Ministry of Mines Issues Tender for 20 Critical Minerals Blocks

The last date for the submission of bids is January 22, 2024


The Ministry of Mines has invited bids for the grant of concessions for 20 critical mineral blocks across seven states and one union territory. The selection of eligible bidders will be based on the highest percentage of the value of mineral despatched quoted by them.

The last date for the submission of bids is January 22, 2024.

The tender document and applicable GST are priced at ₹300,000 (~$3,600).

The total area allocated for the first-ever critical minerals auction is 463.995 hectares.

The Ministry has identified four mineral blocks for mining leases (ML) and 16 mineral blocks for composite licenses (CL), intending to conduct an electronic auction.

The critical minerals essential for renewable energy listed in the auction include Lithium, Bauxite, Graphite, Nickel, Chromium, Copper, Manganese, and Molybdenum Ore.

The list of the mineral blocks for the auction is as follows:

The reserve price is fixed at 2% for 19 blocks, except for the Kurchha Glauconite Block in Uttar Pradesh, which is set at 2.03%.

Bidders must acquire clearances to commence mining operations. This includes obtaining forest clearance, wildlife clearance for sanctuaries, reserves, or special zones, environmental clearance, and approval for the mining plan.

The preferred bidder must also secure consent to establish an explosive license, permission for mine opening, and approval for equipment installation or trial operation. Groundwater clearance at the central and state levels and approvals for railway siding, diesel storage, and power lines from the state’s power distribution company.

The preferred bidder must obtain clearances related to working under existing transmission lines or shifting such lines, village authority consent, and any other clearances necessary to initiate mining operations.

The initiative aligns with India’s commitment to achieving 50% of cumulative electric power installed capacity from non-fossil sources by 2030.

The energy transition plan is expected to boost the demand for electric vehicles, wind and solar energy projects, and battery storage systems, consequently increasing the demand for these critical minerals.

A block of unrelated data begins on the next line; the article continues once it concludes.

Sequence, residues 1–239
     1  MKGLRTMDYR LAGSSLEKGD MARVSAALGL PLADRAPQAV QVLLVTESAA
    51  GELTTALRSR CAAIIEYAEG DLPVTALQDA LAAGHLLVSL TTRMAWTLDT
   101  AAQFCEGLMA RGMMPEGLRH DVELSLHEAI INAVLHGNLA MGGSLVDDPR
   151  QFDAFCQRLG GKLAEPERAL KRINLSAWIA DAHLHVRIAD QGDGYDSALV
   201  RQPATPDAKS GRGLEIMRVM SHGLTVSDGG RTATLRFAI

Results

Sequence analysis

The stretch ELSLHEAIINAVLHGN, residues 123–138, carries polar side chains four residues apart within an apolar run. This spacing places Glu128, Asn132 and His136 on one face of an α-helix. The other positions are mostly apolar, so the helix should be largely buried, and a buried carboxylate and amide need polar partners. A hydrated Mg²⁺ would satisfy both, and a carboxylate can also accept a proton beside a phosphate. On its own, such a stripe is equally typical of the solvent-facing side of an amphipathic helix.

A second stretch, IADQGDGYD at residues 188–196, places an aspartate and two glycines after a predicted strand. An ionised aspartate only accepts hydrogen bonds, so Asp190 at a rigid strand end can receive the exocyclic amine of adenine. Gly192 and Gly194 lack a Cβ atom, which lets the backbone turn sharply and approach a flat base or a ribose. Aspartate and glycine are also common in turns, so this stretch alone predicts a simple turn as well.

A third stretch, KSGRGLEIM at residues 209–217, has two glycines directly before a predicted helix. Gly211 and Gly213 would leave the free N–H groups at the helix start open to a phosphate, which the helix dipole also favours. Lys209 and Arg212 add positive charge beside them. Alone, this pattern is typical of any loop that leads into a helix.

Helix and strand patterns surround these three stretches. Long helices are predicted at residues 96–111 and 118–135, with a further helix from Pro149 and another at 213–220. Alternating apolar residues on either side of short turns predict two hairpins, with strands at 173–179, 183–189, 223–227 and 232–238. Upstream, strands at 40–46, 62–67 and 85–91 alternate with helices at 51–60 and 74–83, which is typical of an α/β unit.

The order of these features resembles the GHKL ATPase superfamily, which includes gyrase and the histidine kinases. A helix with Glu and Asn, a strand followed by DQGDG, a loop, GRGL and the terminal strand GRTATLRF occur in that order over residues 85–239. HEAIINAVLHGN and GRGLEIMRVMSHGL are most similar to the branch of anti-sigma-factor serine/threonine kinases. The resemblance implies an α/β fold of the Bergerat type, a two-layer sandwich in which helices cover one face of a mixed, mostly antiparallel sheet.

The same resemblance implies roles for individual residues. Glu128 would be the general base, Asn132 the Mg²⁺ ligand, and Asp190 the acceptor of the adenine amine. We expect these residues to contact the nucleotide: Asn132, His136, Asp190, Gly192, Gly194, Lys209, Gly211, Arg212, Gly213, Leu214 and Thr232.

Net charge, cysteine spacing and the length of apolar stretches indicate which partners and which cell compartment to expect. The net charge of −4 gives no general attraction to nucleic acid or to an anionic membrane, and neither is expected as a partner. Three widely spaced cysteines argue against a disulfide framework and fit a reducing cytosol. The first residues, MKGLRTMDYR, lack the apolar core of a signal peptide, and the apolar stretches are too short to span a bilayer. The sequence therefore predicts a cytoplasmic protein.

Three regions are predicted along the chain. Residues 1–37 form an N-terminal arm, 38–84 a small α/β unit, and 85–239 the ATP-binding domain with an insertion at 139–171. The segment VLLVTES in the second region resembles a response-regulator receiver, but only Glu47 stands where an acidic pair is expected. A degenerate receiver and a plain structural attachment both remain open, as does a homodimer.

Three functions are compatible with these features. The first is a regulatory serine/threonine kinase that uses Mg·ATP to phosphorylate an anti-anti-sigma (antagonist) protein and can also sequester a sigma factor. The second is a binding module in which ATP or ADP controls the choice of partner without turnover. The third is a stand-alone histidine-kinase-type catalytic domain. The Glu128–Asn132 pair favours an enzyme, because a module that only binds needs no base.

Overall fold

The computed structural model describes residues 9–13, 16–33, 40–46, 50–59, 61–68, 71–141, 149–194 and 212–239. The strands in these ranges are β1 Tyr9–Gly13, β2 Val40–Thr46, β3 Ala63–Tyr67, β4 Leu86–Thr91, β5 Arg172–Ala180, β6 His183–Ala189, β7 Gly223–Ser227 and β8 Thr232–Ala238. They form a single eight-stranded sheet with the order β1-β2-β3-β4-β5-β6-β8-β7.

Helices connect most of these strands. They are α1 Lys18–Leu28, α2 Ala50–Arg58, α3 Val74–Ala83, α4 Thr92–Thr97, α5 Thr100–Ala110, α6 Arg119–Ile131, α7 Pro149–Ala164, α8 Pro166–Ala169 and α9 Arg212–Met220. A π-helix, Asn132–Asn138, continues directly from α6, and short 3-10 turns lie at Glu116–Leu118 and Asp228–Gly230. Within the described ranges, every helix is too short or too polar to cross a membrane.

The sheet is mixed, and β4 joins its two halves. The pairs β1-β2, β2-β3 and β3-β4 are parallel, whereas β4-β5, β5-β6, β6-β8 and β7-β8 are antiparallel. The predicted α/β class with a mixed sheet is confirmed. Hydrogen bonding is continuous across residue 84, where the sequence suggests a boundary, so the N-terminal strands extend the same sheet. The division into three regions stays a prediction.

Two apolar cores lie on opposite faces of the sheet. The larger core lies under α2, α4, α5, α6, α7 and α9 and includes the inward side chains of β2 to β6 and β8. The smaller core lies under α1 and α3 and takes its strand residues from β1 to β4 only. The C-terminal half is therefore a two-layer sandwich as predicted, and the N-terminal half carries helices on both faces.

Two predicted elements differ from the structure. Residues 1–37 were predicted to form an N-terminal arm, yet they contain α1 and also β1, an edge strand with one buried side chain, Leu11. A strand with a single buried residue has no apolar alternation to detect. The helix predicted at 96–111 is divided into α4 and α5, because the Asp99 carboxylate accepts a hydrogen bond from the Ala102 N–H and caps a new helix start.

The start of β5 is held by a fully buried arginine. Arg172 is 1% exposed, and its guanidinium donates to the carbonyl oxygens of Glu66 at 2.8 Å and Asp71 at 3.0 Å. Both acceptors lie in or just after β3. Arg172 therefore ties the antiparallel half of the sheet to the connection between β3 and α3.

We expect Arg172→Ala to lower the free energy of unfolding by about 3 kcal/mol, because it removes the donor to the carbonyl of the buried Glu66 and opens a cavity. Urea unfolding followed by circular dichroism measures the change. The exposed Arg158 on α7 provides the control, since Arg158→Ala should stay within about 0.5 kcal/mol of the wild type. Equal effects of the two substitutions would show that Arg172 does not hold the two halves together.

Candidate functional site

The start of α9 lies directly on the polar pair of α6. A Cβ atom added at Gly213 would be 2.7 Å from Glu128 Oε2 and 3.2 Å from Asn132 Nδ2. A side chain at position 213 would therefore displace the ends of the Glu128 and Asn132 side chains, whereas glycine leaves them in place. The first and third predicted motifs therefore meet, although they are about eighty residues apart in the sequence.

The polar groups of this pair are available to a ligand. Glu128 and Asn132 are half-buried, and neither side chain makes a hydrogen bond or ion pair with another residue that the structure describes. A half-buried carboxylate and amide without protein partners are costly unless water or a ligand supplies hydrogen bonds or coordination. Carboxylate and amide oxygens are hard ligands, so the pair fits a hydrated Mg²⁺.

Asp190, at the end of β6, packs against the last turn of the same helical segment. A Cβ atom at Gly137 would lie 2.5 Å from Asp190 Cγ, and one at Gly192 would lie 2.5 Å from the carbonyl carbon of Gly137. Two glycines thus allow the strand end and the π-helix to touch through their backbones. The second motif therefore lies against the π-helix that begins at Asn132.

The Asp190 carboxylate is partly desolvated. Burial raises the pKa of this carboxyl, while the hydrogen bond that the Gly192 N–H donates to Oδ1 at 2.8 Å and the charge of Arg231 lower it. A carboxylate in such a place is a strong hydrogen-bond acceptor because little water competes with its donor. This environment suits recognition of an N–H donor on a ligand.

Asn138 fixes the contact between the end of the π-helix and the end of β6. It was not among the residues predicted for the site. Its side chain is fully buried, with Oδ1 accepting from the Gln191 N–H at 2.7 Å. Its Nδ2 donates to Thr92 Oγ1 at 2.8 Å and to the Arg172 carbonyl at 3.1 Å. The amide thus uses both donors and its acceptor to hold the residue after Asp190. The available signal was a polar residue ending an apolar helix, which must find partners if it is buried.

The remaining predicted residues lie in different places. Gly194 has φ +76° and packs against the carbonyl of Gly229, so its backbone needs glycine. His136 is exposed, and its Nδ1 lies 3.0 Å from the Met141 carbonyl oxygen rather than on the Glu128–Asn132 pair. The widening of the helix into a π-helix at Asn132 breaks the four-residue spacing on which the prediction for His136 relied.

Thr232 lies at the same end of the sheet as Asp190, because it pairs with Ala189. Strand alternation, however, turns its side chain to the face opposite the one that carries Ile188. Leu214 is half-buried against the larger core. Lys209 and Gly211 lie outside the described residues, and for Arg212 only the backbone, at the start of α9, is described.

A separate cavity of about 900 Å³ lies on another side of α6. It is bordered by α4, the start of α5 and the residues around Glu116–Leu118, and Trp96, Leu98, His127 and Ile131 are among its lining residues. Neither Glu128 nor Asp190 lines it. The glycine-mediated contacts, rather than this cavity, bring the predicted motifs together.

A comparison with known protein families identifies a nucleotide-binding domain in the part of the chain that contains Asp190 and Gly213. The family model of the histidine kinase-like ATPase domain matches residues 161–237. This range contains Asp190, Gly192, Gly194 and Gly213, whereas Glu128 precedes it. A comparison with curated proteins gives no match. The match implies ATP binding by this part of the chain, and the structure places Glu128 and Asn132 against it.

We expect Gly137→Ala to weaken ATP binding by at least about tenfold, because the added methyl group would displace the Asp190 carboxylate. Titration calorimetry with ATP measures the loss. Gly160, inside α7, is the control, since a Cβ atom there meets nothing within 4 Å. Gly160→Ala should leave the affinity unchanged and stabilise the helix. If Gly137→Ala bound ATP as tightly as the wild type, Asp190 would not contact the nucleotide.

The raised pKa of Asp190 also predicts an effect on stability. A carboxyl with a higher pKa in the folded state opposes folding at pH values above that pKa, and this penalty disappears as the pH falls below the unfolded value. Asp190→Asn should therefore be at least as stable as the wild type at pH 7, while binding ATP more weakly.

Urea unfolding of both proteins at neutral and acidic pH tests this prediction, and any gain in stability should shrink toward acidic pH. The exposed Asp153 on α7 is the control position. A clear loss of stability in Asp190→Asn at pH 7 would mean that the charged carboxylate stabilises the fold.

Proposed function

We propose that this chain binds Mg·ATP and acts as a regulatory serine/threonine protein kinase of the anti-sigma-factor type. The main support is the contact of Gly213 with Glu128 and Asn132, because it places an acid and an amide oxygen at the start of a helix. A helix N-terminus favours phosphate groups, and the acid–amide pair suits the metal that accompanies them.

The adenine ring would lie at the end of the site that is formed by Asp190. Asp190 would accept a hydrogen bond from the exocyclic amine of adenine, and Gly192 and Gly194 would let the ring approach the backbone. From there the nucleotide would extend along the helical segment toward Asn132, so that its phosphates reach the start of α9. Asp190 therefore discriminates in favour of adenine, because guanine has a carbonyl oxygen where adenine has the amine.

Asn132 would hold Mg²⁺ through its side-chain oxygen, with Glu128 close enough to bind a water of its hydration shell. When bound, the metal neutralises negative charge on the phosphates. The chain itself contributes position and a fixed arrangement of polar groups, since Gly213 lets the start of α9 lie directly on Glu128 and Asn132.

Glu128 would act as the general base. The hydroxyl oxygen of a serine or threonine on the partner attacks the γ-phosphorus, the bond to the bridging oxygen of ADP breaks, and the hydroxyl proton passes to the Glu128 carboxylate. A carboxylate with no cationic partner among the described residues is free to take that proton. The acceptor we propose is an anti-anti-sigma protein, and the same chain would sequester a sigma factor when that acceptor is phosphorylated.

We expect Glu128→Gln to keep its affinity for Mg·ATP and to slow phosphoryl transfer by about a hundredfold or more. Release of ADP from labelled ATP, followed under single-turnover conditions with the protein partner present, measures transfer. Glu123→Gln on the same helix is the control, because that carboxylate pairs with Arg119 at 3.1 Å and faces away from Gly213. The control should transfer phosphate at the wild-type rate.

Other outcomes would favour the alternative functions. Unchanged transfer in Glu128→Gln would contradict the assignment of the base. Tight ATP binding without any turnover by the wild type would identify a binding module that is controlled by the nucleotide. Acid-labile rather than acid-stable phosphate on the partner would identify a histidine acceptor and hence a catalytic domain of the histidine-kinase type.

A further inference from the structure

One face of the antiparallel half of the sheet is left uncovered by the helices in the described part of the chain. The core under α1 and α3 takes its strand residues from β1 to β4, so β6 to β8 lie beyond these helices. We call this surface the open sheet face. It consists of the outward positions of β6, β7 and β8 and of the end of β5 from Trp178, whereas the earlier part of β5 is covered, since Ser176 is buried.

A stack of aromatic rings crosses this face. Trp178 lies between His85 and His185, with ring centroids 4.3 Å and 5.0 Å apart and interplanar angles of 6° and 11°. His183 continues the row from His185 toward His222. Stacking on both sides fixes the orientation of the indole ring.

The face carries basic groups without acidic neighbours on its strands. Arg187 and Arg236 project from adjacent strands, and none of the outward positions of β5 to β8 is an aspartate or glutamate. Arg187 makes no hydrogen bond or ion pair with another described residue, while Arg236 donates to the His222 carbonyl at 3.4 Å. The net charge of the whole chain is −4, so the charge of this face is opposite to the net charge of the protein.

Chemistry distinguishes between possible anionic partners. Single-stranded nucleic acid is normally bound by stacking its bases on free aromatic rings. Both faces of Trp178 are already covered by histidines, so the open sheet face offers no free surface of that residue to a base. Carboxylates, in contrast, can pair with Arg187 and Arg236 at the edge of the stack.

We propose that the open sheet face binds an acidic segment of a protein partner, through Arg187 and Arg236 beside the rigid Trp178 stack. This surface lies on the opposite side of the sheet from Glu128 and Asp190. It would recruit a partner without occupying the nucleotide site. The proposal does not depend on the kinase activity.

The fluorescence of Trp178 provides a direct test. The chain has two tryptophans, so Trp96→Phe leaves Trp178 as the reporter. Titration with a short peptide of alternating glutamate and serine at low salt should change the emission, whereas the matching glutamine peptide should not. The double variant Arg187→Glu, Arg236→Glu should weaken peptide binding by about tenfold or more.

The significance of critical and strategic minerals lies in their essential role across various sectors such as renewable energy, defense, agriculture, pharmaceuticals, high-tech electronics, telecommunications, transport, and the establishment of gigafactories.

The demand for these minerals is being met mostly through imports.

The government this year amended the Mines and Minerals (Development and Regulation) Act to allow private companies to explore and mine critical minerals. Earlier, critical mineral exploration and mining were preserved by the public sector.

Royalties for critical minerals have been rationalized to encourage more participation in auctions. In March 2022, the government specified royalty rates for Platinum Group of Metals (PGM) at 4%, Molybdenum at 7.5%, and Glauconite and Potash at 2.5%.

Subsequently, on October 12, 2023, royalty rates for lithium were set at 3%, nickel at 3%, and rare earth elements at 1%.

In June, India unveiled its first-ever report on “Critical Minerals for India,” identifying a list of 30 critical minerals, comprising lithium, cobalt, nickel, graphite, cadmium, silicon, indium, and tellurium used in renewables.

In September, the government announced a 25% incentive on the approved project cost for exploration agencies in a bid to enhance the exploration of critical minerals. The decision aims to expedite the discovery and extraction of critical minerals, reduce the country’s dependence on imports, and foster self-sufficiency in these vital resources.